Africans Need Not Apply At Bavarian Bank
Aug. 01, 1994
BONN, Germany (AP) _ Germany's fourth-largest bank acknowledged Monday it often refuses to open accounts for black Africans because of ''bad experiences'' with people of color.
A report in the Suddeutsche Zeitung newspaper quoted an unidentified official at the Bayerische Hypotheken- und Wechsel-Bank AG as saying the institution, known as Hypo-Bank, had a standing rule: ''No Accounts For Blacks.''
The Munich-based bank's spokesman, Hartmut Pfeiffer, denied that. But he said bank officials were often ''overly cautious'' because Hypo-Bank had had ''bad experiences'' with black Africans.
Two reporters from the Suddeutsche Zeitung followed a Mozambican truck mechanic who has lived in Germany for 13 years as he tried to get an account at the Hypo-Bank.
The man was told first that it would take too long to check his references. When he brought in documentation, he was told the Bavarian bank had had bad experiences with black Africans and to take his business to the Stadtsparkasse bank.
At the Stadtsparkasse headquarters in Munich, spokesman Manfred Linsenmann said the bank was happy to have African clients.
''We've had good experiences with clients of color and their business is quite normal for us,'' he said.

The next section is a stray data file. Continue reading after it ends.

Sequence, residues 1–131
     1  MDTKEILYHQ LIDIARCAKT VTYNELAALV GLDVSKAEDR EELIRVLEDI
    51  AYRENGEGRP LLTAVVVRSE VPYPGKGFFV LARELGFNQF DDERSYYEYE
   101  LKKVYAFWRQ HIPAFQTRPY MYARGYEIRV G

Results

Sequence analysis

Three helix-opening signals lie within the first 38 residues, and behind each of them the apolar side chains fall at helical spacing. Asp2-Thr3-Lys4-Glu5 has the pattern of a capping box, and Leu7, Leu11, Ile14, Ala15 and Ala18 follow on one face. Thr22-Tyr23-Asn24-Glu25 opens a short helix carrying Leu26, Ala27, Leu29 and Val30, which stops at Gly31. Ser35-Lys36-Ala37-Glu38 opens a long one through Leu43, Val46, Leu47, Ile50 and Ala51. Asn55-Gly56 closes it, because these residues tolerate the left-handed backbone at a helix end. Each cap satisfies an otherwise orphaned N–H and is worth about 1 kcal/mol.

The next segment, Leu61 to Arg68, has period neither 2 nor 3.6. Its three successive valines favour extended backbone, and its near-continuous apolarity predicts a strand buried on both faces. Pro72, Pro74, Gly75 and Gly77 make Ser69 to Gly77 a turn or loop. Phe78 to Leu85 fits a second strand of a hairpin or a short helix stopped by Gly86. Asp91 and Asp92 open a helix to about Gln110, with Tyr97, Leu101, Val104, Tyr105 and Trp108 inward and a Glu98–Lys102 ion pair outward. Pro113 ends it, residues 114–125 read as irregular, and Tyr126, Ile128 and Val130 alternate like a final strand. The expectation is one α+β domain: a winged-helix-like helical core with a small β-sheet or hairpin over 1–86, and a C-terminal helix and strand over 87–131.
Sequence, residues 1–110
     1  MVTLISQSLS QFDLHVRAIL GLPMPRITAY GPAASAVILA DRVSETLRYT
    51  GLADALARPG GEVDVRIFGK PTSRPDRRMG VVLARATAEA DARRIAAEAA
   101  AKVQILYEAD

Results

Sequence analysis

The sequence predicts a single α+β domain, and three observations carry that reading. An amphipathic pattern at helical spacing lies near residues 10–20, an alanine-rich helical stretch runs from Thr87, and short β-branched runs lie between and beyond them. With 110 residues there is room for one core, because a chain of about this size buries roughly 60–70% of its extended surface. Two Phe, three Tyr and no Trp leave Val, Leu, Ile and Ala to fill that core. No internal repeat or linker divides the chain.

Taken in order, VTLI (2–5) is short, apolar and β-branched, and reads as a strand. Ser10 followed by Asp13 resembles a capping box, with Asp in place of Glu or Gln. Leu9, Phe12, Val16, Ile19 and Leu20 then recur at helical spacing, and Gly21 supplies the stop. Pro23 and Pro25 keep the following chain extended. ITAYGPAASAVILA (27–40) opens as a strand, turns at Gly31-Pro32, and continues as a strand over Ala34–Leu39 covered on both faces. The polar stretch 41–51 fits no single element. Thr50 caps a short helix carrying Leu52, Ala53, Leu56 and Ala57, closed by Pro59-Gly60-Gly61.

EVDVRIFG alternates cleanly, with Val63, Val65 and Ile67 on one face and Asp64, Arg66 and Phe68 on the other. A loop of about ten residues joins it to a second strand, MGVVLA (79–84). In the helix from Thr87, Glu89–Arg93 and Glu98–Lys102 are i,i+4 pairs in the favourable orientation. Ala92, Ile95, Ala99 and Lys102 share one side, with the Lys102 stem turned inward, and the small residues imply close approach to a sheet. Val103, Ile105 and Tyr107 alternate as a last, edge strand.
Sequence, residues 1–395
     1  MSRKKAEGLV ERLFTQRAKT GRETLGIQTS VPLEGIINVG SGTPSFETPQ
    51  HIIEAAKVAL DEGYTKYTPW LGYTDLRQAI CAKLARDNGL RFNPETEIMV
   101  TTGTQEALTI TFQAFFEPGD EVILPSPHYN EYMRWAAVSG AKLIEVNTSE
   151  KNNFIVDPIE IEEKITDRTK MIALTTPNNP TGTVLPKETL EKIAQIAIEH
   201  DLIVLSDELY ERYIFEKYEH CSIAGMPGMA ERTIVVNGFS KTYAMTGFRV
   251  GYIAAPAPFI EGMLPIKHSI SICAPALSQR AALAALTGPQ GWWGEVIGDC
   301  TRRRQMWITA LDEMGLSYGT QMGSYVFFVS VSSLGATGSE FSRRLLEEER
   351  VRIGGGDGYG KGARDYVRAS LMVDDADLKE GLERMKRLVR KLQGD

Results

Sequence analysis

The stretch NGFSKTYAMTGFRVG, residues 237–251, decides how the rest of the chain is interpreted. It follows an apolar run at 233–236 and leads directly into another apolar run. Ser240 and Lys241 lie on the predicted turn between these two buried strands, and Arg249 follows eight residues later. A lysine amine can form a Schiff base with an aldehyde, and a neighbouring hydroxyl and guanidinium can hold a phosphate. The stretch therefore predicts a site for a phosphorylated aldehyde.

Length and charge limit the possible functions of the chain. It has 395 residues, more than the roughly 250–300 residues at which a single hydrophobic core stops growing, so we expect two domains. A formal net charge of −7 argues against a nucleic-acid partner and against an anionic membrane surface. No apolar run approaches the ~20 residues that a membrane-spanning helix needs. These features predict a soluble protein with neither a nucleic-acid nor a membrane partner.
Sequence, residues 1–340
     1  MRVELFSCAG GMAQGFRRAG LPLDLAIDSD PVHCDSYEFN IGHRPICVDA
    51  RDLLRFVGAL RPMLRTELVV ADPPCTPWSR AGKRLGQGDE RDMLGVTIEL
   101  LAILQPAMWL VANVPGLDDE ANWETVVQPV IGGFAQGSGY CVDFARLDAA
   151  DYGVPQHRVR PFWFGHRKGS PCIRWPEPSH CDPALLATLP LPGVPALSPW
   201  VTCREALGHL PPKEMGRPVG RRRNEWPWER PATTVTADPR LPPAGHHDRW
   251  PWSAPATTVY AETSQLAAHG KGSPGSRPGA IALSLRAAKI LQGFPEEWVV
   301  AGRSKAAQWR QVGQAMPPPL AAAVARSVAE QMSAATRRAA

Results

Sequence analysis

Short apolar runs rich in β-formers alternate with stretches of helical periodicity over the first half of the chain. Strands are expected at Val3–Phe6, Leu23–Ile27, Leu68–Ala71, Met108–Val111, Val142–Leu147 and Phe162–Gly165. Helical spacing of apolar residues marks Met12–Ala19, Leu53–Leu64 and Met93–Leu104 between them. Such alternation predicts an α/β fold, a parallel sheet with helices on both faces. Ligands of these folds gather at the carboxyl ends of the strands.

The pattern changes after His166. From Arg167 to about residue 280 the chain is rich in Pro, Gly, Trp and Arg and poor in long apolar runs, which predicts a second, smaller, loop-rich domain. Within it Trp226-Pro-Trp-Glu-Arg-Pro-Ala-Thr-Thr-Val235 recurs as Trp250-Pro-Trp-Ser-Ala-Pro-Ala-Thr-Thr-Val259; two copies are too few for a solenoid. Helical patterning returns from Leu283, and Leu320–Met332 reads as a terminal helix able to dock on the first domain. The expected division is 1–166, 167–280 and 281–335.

Germany lacks anti-discrimination laws. German officials insist that xenophobic violence is an isolated problem.
''In principle, blacks and whites should be treated equally,'' said Guenther Ziegler of the Bavarian Banking Association. However, bankers in the southern German state have had bad experiences with black Africans who ''open an account, withdraw money past their limit, and disappear,'' he said.
Such small-scale fraud is easy because German banks allow clients to overdraw their accounts - typically by up to 5,000 marks ($3,000). Clients are required to pay interest on the overdraw.
Bernd Sprenger of the Federal Association of German Banks in Cologne said it was up to each bank to decide how to handle its business.
''The Hypo-Bank is a house with long tradition that knows what it's doing,'' Sprenger said.
Hypo-Bank released performance figures Monday showing 483.3 million mark ($290 million) operating profit for the first six months of the year, the same figure as in 1993's first two quarters.
The bank lost 468 million marks ($280.8 million) when real estate developer Juergen Schneider failed to repay his loans and fled in April, but its report said that played no role in stagnating profits.
Hypo-Bank and other major German banks have been embarrassed by the Schneider affair, which has shown them as lax in checking the details behind loans. He is accused of inflating the anticipated rental income of buildings on which he got loans and even the size of the buildings, and the banks didn't catch on until after he disappeared.